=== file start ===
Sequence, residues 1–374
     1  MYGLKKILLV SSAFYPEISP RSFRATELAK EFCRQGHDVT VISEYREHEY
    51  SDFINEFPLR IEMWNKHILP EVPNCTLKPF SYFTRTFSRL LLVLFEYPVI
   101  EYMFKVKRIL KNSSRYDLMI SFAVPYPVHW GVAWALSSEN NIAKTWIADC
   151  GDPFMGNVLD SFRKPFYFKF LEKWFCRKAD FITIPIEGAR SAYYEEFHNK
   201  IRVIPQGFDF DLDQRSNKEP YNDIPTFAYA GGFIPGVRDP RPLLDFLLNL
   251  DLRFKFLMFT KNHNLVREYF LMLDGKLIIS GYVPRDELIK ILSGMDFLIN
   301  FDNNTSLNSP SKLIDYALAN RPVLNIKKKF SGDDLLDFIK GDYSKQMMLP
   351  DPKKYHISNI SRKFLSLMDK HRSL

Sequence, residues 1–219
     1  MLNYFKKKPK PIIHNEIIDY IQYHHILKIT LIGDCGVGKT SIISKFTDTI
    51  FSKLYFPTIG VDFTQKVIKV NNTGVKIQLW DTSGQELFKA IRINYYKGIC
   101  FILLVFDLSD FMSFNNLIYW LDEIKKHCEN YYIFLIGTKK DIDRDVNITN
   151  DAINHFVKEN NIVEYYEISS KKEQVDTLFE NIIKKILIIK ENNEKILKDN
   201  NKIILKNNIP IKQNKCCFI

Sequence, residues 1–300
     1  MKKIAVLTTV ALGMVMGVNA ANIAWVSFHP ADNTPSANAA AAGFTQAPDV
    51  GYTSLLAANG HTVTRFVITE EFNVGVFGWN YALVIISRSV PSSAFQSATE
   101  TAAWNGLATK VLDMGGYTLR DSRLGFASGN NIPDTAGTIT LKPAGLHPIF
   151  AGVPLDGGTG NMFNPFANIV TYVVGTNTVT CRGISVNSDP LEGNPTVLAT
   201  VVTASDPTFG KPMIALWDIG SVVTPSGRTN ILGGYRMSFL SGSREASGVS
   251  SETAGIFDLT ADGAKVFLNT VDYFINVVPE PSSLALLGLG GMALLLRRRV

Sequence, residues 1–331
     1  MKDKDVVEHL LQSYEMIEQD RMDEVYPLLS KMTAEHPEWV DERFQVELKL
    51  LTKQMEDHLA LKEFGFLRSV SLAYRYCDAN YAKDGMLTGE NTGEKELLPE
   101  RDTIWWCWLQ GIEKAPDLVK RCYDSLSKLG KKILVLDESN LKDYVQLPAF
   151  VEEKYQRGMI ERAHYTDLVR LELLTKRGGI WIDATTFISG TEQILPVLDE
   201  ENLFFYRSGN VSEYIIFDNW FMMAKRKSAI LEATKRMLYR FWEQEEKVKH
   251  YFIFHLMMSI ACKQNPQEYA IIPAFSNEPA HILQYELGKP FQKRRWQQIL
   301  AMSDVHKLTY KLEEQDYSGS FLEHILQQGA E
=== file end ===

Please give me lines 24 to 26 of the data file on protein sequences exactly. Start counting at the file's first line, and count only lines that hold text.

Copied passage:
     1  MKDKDVVEHL LQSYEMIEQD RMDEVYPLLS KMTAEHPEWV DERFQVELKL
    51  LTKQMEDHLA LKEFGFLRSV SLAYRYCDAN YAKDGMLTGE NTGEKELLPE
   101  RDTIWWCWLQ GIEKAPDLVK RCYDSLSKLG KKILVLDESN LKDYVQLPAF